IN FOCUS6-8 min read

AI revolution: what’s the environmental impact?

We consider the carbon footprint of AI, both in terms of its physical infrastructure and its potential applications.

Photo of data on screen


Samuel Thomas
Sustainable Investment Analyst

Artificial intelligence (AI) is rapidly transforming the way we live and work. While AI has the potential to revolutionise many industries, there are significant environmental implications to consider.  

Here we focus on the direct environmental effects of AI, and potential solutions to mitigate these. We also look at some of the indirect environmental influences that AI applications may have.

What’s the environmental impact of AI physical infrastructure?

The direct environmental impact of AI is primarily related to the physical infrastructure it requires. This includes datacentres, processors and other specialised computing hardware and is called the AI compute infrastructure. The vast majority of evidence finds the direct environmental impact of AI compute to be largely negative.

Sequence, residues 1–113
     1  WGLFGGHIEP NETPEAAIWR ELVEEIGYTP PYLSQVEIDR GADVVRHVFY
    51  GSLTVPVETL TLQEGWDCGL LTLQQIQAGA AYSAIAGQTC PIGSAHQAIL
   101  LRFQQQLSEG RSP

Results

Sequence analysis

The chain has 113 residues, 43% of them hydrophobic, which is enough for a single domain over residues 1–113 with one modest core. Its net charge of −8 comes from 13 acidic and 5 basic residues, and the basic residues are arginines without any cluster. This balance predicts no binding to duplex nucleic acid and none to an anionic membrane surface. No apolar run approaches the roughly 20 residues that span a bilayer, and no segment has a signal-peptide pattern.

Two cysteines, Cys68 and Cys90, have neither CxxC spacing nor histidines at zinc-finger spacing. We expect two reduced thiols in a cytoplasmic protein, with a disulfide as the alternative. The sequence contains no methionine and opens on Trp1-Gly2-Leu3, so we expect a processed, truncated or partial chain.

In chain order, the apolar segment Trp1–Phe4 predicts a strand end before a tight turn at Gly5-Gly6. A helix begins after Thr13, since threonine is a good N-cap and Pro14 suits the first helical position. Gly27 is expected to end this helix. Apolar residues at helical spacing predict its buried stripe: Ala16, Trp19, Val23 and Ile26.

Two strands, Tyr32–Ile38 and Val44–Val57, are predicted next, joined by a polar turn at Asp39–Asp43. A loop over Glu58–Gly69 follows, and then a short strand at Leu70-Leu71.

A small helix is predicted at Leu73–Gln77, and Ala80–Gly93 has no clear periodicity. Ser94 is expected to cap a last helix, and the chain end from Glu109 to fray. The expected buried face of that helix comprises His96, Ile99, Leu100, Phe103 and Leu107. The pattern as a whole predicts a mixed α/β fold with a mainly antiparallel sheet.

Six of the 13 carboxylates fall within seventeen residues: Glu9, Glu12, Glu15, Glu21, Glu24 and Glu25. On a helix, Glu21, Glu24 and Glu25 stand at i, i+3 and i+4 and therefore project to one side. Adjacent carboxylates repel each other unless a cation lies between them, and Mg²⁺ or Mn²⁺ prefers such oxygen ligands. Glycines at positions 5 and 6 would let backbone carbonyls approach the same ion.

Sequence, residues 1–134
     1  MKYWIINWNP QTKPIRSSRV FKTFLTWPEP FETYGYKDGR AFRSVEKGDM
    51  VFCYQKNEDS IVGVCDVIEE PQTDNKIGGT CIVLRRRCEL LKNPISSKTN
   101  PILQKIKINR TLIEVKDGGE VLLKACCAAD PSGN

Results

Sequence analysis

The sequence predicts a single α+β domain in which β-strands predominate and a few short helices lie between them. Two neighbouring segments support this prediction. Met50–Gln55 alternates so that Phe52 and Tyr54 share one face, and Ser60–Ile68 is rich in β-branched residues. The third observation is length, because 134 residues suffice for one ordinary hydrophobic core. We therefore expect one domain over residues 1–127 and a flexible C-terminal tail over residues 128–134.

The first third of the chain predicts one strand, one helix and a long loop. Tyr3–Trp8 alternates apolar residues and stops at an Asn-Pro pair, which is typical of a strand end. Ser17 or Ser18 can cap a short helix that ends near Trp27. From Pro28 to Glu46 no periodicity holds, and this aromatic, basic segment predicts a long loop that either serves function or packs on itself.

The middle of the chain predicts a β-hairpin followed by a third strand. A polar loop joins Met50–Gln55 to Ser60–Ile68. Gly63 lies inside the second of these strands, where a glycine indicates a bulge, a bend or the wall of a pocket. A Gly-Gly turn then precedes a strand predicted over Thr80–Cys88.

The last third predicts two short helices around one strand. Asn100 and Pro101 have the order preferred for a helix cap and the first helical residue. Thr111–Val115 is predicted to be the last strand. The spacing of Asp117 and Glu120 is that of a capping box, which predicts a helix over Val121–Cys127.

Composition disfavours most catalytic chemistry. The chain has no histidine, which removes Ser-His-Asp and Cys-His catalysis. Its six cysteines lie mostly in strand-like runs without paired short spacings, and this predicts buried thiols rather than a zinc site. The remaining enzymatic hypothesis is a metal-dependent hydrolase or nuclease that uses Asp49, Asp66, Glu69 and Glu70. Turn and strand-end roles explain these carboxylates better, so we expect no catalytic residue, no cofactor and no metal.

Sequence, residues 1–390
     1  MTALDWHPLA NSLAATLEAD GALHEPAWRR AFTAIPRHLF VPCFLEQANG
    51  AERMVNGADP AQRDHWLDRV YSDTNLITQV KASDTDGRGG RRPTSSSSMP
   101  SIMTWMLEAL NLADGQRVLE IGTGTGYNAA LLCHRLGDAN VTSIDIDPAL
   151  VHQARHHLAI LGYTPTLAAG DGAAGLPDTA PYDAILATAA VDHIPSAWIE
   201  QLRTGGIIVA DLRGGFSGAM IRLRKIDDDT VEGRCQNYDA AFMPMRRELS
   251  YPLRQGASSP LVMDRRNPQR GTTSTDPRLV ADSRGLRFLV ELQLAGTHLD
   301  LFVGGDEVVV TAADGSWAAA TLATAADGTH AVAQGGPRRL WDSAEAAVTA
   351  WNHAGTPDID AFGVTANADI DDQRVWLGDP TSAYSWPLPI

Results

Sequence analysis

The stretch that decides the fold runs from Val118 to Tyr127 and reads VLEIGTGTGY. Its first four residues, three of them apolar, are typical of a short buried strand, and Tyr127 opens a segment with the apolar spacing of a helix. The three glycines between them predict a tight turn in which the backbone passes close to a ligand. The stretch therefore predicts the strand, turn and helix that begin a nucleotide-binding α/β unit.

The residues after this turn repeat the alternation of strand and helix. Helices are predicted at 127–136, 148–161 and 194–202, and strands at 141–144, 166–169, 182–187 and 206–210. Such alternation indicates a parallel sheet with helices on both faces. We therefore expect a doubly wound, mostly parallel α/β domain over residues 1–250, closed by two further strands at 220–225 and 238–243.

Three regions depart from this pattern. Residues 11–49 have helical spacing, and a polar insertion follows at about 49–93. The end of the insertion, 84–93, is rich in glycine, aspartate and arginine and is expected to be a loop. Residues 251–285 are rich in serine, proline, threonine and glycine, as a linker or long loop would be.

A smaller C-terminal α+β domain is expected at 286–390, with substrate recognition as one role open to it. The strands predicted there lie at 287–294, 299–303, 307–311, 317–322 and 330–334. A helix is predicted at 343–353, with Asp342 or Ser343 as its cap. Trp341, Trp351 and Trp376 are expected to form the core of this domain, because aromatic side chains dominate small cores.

The AI compute lifecycle is split into four stages: i) production, ii) transport, iii) operations and iv) end-life stages. The most significant emissions (around 70-80%) come from the operational stage.

Graphic showing four stages of AI compute lifecycle

1.Production stage

The production stage accounts for the physical extraction of the raw materials and the creation of the component parts required to build the AI hardware and infrastructure. One challenge of measuring this stage is that the resources used typically relate to overall information and communication technology (ICT), rather than specifically AI.

Estimates of the carbon footprint of the AI production stage vary and it is currently seen as relatively insignificant. However, as renewable electricity becomes an increasingly larger part of the energy consumed in the operational stage, the impact of the environmental footprint during the production stage will become more significant.

2. Transport stage

ICT hardware transport accounts for only a small fraction of global transport greenhouse gas emissions, with an even smaller proportion relating to AI compute hardware.

3. Operations stage

This is the primary area of focus when analysing the direct environmental impact of AI. The two main environmental considerations of this stage are energy consumption and water usage.


We can use data centres as a proxy to contextualise how much energy AI consumes. While not all data centres are used for AI, increasingly AI models are trained, housed and deployed on extremely large, warehouse-scale datacentres. It’s estimated that around 1-1.5% of total electricity demand globally comes from datacentres, equating to c.220-320 terawatt hours.